3. To access most of the Everglades, you’ll need an airboat

Airboats – flat-bottomed watercraft with giant fan propellers at the back – aren’t just kitschy tourist vehicles for gawking at gators. They are actually vital in delicately navigating the wet prairies, both in terms of helping preserve the vegetation and avoiding debris that would otherwise damage a fishing boat. Should you want to plan an excursion, there are three authorized airboat businesses in the park itself that provide services: Coopertown Airboats, Everglades Safari Park and Gator Park.

4. Snag a permit ahead of time if you want to fish solo

The Everglades are a mix of saltwater and freshwater landscapes, equating to a fishing utopia. When fishing independently, you’ll need a license for both saltwater and freshwater fishing – two separate permits in Florida that you obtain from the Florida Fishing and Wildlife Conservation Commission. Cell service is extremely limited in the park, so save a potential headache by registering for the right license online ahead of your visit. If you are embarking on a chartered journey, your captain should already have a license, but check beforehand.

5. Support and book excursions with local tribes

The Calusa, Tequesta, Seminole and Miccosukee tribes all have deep roots in the Everglades region. Along the Tamiami Trail (US Hwy 41), you’ll see a number of Miccosukee destinations – notably the Miccosukee Casino & Resort as well as the Miccosukee Village and Airboat Rides. At the village, there is a museum where you can learn more about the tribe and tour exhibits of their earliest clothing, tools and beadwork.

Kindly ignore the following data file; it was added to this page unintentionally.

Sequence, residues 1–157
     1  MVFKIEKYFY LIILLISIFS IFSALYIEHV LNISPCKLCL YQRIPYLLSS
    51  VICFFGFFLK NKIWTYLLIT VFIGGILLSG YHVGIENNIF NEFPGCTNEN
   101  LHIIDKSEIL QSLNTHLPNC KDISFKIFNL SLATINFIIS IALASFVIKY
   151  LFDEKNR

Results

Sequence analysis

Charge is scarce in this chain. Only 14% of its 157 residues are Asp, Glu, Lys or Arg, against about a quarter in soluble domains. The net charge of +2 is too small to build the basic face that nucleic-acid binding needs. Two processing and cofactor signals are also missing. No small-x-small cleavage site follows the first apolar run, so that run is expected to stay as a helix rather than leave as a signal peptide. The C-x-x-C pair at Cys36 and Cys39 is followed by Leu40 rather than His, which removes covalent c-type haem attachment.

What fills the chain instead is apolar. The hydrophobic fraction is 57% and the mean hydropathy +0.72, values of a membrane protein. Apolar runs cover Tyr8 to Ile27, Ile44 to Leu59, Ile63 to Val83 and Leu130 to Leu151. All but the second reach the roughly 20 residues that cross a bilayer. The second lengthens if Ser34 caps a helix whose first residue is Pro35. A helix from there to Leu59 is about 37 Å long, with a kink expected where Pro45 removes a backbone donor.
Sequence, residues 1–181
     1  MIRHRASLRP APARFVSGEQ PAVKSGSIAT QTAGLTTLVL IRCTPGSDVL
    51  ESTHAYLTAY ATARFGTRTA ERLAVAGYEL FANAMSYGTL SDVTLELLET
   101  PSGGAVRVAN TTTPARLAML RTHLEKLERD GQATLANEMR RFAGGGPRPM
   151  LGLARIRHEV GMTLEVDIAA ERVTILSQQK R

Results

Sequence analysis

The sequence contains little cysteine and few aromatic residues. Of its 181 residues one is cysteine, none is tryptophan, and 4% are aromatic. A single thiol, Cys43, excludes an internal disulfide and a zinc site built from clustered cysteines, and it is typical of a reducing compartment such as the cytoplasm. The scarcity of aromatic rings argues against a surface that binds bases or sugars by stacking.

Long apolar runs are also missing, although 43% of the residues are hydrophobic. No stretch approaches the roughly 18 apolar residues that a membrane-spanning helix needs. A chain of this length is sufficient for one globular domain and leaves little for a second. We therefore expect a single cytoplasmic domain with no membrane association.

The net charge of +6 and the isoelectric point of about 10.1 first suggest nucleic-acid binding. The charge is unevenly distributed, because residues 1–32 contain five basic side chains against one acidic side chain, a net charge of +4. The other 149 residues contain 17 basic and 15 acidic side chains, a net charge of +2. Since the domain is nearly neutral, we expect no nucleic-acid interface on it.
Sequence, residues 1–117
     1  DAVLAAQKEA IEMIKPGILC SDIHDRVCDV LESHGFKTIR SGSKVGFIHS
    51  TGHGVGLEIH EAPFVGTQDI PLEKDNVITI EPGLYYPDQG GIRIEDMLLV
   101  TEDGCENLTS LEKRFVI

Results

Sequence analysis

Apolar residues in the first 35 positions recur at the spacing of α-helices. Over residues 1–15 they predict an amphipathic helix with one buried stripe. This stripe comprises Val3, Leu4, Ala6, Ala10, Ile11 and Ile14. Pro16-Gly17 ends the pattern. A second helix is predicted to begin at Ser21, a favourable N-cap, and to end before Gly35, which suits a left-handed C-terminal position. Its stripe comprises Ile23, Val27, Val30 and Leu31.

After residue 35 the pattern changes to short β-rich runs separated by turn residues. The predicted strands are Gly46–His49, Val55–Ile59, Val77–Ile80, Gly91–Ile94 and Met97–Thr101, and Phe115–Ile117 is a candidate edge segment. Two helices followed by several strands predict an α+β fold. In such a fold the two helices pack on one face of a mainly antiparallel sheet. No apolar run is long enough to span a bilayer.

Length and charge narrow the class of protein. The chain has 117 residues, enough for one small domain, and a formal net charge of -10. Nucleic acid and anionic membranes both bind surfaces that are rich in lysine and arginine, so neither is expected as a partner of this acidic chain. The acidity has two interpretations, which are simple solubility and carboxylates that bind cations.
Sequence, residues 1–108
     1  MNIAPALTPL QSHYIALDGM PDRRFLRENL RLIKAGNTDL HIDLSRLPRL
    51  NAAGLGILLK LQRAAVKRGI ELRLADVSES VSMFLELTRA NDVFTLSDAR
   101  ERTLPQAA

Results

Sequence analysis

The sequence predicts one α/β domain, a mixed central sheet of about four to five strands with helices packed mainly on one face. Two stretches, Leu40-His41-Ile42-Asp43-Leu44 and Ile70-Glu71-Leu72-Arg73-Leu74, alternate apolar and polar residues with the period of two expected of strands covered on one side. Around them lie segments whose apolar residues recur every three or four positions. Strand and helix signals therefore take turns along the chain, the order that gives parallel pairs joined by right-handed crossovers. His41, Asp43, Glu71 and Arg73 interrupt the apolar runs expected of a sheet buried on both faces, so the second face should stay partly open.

A wooden boardwalk curves over the scenic nature in Everglades National Park on a spring day in Florida, USA
Pets aren’t allowed on any of the trails in Everglades National Park © Boogich / Getty Images

6. Don’t bring pets – they’re not allowed on the trails 

What do the popular Otter Cave Hammock Trail, Rowdy Bend Trail and Gumbo Limbo Trail have in common aside from awesome names? You can’t bring your pets with you… or on any of the walking trails in Everglades National Park. Besides, they probably wouldn’t fare too well with a camouflaged gator anyway. 

7. Opt for an ethical animal sanctuary

The Everglades has a number of wildlife sanctuaries, but not all are animal-friendly, so do your research before visiting. Aside from spotting blue herons in their natural environment along the Anhinga Trail or manatees coasting in the Florida Bay, Everglades Outpost is an ethical option if you want an up-close encounter. The nonprofit rehabilitates injured gators, reptiles and more from the nearby land before releasing them back into the environment.

A Roseate Spoonbill with its young chick